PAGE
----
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The Guyanese Dollar is the official currency of Guyana, a sovereign state on the northern coast of South America. It is culturally identified with the English-speaking islands of the Caribbean because it was one of the territories, known as British Guiana, of the British West Indies.
- The main economic activities in Guyana are agriculture (rice and Demerara sugar), bauxite mining, gold mining, timber, and shrimp fishing.
- Chronic problems include a shortage of skilled workers and poor infrastructure.
- The government has juggled a considerable debt and the urgent need to expand public investment, and its fiscal position traditionally erodes when agricultural and mineral commodity prices are low. The country overhauled its tax code in early 2007 with a Value Added Tax (VAT) that is expected to add significant funds for public spending.
- The Guyanese economy has shown moderate economic growth since 1999, thanks to the expansion in the agricultural and mining sectors, a more favorable environment for entrepreneurship, a more realistic exchange rate, low inflation, and the continued support of international organizations.
- Economic growth has slowed as a result of the world recession, but GDP real growth rate continues to be over 3%, according to the CIA World Fact Book.
- In the 1800s, like other British West Indies territories, British Guiana used regular British coins, along with 2 and 4 pennies.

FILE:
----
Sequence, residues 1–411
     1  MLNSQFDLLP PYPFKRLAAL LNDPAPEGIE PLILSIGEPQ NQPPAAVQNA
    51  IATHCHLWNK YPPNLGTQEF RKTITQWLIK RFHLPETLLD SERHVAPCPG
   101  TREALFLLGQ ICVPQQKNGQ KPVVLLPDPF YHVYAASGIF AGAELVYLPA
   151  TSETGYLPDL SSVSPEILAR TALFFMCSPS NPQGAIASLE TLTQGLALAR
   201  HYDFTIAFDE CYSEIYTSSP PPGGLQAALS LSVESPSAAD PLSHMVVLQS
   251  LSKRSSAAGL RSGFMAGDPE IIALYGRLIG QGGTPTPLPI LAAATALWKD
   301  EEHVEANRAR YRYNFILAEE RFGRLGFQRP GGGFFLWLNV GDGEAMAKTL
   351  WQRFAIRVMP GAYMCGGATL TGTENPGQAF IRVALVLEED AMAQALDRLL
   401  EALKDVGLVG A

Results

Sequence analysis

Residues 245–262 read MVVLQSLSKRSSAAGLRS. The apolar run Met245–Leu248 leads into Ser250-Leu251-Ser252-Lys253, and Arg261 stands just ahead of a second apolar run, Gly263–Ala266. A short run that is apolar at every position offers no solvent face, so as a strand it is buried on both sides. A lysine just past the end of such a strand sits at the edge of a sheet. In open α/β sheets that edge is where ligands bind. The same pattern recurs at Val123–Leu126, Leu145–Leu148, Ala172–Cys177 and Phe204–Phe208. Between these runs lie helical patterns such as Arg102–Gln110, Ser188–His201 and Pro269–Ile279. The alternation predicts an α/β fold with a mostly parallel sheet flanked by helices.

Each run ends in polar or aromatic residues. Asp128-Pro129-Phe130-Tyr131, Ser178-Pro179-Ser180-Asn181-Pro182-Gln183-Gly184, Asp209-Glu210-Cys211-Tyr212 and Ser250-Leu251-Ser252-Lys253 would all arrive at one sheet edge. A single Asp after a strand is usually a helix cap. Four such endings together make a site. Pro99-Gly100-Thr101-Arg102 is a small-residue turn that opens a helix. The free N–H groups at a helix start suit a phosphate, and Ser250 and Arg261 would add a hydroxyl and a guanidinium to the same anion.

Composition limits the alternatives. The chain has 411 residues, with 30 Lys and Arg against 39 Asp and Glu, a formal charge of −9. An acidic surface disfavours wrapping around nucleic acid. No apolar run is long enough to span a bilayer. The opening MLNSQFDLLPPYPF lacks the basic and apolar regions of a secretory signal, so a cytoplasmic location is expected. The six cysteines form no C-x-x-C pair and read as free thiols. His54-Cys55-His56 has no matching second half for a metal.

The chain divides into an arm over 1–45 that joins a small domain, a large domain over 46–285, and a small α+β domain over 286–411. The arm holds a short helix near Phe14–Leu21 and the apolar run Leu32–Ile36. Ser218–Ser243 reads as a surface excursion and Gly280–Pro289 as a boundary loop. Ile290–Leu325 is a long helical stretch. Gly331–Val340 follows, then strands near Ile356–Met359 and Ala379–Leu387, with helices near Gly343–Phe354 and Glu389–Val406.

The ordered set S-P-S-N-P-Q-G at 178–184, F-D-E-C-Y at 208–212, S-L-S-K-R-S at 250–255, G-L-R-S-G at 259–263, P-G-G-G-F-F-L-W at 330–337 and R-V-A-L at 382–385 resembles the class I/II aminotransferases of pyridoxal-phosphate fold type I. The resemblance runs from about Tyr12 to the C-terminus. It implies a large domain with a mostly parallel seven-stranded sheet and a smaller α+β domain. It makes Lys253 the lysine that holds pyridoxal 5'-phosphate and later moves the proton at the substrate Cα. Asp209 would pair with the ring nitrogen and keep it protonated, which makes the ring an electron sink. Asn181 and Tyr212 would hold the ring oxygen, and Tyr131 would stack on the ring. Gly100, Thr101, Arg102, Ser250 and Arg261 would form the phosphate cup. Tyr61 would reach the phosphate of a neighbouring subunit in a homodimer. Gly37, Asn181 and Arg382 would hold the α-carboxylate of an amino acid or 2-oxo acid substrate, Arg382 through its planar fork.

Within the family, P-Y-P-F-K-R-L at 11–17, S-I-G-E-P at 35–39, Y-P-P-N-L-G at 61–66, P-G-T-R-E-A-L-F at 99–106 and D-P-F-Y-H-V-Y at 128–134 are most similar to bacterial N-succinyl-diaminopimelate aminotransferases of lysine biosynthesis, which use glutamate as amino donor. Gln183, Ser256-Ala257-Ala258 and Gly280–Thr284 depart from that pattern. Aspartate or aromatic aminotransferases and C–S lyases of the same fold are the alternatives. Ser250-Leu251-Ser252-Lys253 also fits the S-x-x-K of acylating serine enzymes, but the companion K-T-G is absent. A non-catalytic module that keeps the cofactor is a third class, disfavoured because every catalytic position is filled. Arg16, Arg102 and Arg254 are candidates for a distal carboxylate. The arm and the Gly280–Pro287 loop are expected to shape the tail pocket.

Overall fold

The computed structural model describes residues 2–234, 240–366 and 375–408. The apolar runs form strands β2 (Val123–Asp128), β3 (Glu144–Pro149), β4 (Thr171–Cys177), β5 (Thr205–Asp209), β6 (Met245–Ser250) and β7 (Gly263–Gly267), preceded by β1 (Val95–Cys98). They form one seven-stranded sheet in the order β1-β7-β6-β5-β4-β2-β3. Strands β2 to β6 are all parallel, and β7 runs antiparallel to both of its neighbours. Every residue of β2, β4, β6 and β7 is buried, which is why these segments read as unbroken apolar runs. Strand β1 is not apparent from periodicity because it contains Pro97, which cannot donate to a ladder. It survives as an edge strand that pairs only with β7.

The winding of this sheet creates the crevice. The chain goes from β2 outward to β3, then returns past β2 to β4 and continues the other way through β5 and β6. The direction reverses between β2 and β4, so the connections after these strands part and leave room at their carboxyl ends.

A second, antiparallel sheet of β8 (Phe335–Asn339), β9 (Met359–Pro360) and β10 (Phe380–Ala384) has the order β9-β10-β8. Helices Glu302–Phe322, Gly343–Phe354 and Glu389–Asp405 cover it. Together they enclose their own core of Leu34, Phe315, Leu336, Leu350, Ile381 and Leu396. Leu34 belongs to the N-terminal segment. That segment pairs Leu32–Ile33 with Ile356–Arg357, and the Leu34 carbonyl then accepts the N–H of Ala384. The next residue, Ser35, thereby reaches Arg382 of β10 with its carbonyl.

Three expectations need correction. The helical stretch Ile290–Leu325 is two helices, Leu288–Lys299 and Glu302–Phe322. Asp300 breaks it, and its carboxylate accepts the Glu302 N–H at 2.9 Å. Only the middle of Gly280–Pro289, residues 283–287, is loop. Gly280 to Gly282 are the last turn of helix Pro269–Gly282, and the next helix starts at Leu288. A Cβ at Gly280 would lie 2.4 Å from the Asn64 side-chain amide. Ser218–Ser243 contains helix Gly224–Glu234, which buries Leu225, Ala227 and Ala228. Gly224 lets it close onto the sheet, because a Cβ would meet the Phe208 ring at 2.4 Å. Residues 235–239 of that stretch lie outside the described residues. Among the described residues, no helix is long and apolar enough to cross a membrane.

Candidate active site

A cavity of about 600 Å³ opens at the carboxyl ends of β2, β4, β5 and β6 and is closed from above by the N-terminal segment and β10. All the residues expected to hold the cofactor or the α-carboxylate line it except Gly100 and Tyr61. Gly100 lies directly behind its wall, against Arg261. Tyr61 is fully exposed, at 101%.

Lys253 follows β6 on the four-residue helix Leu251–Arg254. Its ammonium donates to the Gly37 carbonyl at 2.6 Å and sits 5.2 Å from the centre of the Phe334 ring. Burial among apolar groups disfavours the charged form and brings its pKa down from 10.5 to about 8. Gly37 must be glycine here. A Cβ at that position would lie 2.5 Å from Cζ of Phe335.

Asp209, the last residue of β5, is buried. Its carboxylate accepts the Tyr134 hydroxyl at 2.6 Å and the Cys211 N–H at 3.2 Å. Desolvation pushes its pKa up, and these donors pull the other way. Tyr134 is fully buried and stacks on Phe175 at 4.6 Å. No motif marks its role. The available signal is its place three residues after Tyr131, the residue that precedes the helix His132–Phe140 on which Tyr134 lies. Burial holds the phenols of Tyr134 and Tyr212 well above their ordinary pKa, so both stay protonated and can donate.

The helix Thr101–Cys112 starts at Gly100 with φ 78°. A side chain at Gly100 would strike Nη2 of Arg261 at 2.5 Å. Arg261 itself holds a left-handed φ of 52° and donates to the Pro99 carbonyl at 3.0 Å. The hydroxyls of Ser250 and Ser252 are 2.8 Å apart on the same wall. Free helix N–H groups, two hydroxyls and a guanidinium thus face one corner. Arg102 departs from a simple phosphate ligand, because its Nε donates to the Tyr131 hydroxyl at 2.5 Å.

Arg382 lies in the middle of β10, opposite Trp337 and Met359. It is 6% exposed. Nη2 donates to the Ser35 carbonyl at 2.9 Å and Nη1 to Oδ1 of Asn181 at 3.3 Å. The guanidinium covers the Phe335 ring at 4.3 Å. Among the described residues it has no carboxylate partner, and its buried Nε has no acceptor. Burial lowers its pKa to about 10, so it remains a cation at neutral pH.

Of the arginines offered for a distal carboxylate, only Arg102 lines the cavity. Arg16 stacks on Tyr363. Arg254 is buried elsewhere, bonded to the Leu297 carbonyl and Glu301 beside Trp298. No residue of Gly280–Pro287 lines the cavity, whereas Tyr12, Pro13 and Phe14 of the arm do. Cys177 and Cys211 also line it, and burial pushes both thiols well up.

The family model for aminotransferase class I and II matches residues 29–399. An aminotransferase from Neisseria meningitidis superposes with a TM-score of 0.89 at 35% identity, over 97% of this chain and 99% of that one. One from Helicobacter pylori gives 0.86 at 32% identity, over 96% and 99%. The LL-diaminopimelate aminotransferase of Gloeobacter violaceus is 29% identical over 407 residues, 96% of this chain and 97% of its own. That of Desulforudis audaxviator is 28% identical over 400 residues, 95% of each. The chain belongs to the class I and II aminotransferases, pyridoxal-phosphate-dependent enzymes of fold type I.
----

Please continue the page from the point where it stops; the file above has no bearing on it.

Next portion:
- The Guyanan Dollar shares the history of currency with other territories in the British West Indies, with a few exceptions: British Guiana continued to use the four-pence coin mill when other territories abandoned it, and used Dollar accounts in public and private sectors exclusively from 1839 (whereas other territories used a mix of accounts in Dollars and the British Pound until 1951).
- Between 1891 and 1916, four-cent coins were issued specifically for "British Guiana and the West Indies," and between 1917 and 1945 for "British Guiana".
- In 1916, paper money was first issued by the Government of British Guiana, in denominations of 1, 2, 5, 20 and 100 dollars.
- Guyana gained independence from United Kingdom on May 26, 1966, and became a republic on February 23, 1970.
- Banknotes were introduced in 1966 in denominations of 1, 5, 10 and 20 Guyanese Dollars. A second series was issued between 1989 and 1992 in denominations of $20, 100 and 500. The 1996-1999 series added a $1,000 bill. New $100 and $1,000 bills were issued in 2005 with added safety features.
Symbols and Names
- Symbols: $, G$
- Nicknames: none
ISO 4217 Code
- Cent = 1/100 of a Dollar
- Bills: $20, $100, $500, $1,000
- Coins: $1, $5, $10
Countries Using This Currency
Currencies Pegged To GYD :
GYD Is Pegged To: